ApplicationNo. 07/083699 filed on 08/07/1987
US Classes:297/28, Rigid with armrest297/356, Full stroke adjusting mechanism297/359Back-pivoted armrest carries latch or holder
ExaminersPrimary: Zugel, Francis K.
Attorney, Agent or Firm
International ClassesA47C 1/026 (20060101)
A47C 1/022 (20060101)
This invention relates to an article of furniture, such as a chair, of the type in which the angular relationship of the seat and the back is adjustable. More particularly, this invention relates to the construction of the armrests and theircooperation with the leg members to effect multiple position adjustment of the chair.
There are already known various constructions of chairs in which the seat portions are angularly adjustable with respect to the backrest portions. These constructions typically have a seat arranged between lateral portions of a frame. Abackrest is pivotally attached to the seat. An armrest is fixedly attached to the backrest and the frame. The backrest is adjustable from an erect position to one which is reclined. This adjustment is generally controlled by movement of the armrest inconjunction with the application of force to the backrest by the user of the chair. While these constructions satisfy the objective of providing seating and/or lounging in a plurality of body positions, they typically suffer from a variety ofundesirable characteristics.
One such characteristic is that the locking and releasing mechanisms most often carried in the armrest to effect adjustment of the backrest are "crashable". That is, once the armrest is lifted so as to become disengaged from its locked position,and force is applied to the backrest and/or the arms by the user, the backrest tends to "crash" to its fully reclined position. Such action will undoubtedly alarm the user, especially a user unfamiliar with the chair. Additionally, the user can beinjured due to this rapid, unexpected movement and sudden, abrupt stop. Moreover, if the user is holding a beverage when attempting to adjust the chair, as is often the case when such chairs are used at a beach, the crash of the backrest often causesthe user's beverage to spill or splash upon the user.
One example of this typical type of adjustable chair is disclosed in Danish Pat. No. 87177. The ratchet track system employed therein and carried in the armrest to effect adjustment of the chair, requires that the user lift up and pull forwardon the arm so as to disengage the locking mechanism and permit the backrest to be reclined. Once disengaged, however, the backrest of the chair can easily move rapidly to its fully reclined position, thus startling, and perhaps injuring the user. Twoother adjustable chair constructions exhibiting such crash potential are shown in U.S. Pat. No. 2,981,316 and British Pat. No. 860,760.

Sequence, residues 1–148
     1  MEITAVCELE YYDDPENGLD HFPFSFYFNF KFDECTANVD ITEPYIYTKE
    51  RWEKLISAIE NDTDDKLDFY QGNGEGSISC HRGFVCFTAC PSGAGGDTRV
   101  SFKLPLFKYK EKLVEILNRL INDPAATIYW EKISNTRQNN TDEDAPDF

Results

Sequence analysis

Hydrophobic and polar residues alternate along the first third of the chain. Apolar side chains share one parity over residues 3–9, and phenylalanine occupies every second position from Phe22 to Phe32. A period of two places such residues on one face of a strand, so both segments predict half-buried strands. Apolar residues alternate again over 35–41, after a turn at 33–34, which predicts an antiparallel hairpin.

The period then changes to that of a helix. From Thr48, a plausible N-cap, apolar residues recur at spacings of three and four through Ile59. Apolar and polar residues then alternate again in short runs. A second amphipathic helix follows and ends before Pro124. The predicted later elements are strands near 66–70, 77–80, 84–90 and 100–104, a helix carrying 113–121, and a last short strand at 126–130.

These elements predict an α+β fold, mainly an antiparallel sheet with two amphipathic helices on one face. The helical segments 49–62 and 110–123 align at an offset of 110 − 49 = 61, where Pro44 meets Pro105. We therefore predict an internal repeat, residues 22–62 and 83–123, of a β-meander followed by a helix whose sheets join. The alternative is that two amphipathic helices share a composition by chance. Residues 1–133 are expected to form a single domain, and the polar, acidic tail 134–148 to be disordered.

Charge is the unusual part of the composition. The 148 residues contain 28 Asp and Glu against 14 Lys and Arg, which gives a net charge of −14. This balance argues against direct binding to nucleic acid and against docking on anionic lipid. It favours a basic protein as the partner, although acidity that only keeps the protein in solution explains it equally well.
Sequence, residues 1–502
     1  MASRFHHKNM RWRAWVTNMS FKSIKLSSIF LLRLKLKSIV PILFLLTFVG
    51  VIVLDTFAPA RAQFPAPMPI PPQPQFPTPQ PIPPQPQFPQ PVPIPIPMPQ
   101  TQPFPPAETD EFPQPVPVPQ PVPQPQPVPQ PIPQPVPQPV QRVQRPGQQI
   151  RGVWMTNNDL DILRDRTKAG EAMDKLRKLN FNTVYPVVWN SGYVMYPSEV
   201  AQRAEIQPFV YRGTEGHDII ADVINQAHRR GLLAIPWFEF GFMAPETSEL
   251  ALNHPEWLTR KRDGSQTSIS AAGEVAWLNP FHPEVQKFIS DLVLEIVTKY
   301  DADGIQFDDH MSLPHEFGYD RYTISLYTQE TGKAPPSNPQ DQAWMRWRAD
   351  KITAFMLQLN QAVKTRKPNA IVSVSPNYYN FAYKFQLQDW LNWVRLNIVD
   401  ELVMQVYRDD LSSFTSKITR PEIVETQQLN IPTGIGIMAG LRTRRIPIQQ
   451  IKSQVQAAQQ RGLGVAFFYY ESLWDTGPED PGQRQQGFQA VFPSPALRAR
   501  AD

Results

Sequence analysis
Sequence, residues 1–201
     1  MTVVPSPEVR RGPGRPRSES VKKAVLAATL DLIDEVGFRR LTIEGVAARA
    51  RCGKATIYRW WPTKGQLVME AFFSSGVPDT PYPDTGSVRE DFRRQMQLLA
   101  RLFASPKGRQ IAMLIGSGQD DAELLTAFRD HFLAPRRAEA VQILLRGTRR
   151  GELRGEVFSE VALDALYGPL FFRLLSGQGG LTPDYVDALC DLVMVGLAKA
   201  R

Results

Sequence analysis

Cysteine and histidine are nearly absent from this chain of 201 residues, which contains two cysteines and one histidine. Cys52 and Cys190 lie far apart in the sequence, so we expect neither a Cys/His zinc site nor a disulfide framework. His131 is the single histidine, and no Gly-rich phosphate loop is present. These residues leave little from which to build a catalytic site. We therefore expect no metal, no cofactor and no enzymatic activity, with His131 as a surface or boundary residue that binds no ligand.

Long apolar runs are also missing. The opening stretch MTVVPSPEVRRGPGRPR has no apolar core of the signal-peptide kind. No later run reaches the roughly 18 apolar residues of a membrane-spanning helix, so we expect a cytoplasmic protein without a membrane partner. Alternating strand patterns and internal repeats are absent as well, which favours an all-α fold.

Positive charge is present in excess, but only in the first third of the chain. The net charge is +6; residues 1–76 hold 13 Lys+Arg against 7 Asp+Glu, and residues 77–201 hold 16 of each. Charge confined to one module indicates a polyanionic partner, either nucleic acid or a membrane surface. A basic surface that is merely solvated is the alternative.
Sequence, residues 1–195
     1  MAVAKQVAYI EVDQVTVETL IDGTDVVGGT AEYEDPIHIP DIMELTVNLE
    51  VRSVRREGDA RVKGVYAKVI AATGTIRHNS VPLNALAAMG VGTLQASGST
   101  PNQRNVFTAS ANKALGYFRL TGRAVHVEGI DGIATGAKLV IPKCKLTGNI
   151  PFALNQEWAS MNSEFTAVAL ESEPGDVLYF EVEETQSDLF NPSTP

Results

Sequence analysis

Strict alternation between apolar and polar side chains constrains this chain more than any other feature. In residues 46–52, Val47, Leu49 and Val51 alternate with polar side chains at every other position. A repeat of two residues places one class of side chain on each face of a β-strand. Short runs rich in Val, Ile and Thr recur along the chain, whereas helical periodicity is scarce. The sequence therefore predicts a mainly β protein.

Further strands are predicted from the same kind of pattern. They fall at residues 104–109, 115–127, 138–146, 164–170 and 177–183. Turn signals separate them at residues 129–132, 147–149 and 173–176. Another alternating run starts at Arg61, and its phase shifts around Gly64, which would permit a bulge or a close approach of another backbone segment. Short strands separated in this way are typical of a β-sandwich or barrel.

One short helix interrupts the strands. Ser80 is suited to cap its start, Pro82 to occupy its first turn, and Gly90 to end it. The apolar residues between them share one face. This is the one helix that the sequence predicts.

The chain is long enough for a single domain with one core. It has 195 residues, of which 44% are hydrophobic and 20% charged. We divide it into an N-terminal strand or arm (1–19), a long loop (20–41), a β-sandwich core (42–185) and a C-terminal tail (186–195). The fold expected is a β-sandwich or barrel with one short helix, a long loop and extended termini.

A typical chaise longue construction is disclosed in U.S. Pat. No. 2,847,060 and it too possesses this undesirable characteristic. Once the adjustable arm is raised and the locking pin disengages the holding notch, the locking pin is allowedto move freely within an elongate channel causing the user to blindly seek another holding notch with a crash of the backrest being likely. Disclosed in this patent is one attempt to ameliorate the unpleasantry of such a crash, such being in the form ofa tension spring which resists the recline of the backrest. A crash, however, is still likely for the spring cannot prevent the crash but only slightly reduce the speed of the recline.
Another undesirable characteristic of typical adjustable chairs is that the adjusting mechanisms often permit a user's fingers to be pinched or cut during adjustment. That is, the adjusting mechanisms are either fully exposed, or are positionedsuch that the act of adjusting the chair leaves the users hands in a position to be caught between the arm and the frame of the chair. When this undesirable characteristic is combined within a crash-type arm, the potential for injury is even greater dueto the speed at which the crash occurs. The undesirable characteristic of an adjustable chair which permits pinching of the user's fingers has been heretofore recognized in both U.S. Pat. No. 3,075,811 and Canadian Pat. No. 733,801. A fullypinch-proof adjustable chair is, however, still unknown.
Many adjustable chairs are designed so as to be foldable and can be folded and stored when not in use. In these foldable chairs, the adjusting mechanism often hinders folding. That is, the adjusting mechanism remains in a locked position,rather than releasing, and thus the chair cannot be folded with ease, or, even worse, the chair cannot be folded at all.
DISCLOSURE OF THE INVENTION
It is therefore a primary object of the present invention to provide an article of furniture wherein the backrest thereof can be angularly adjusted relative to the seat thereof.
It is another object of the present invention to provide an article of furniture, as above, in which the backrest is prevented from crashing to its reclined position during adjustment.
It is a further object of the present invention to provide an article of furniture, as above, in which adjustment thereof can be made without causing injury to the user's fingers.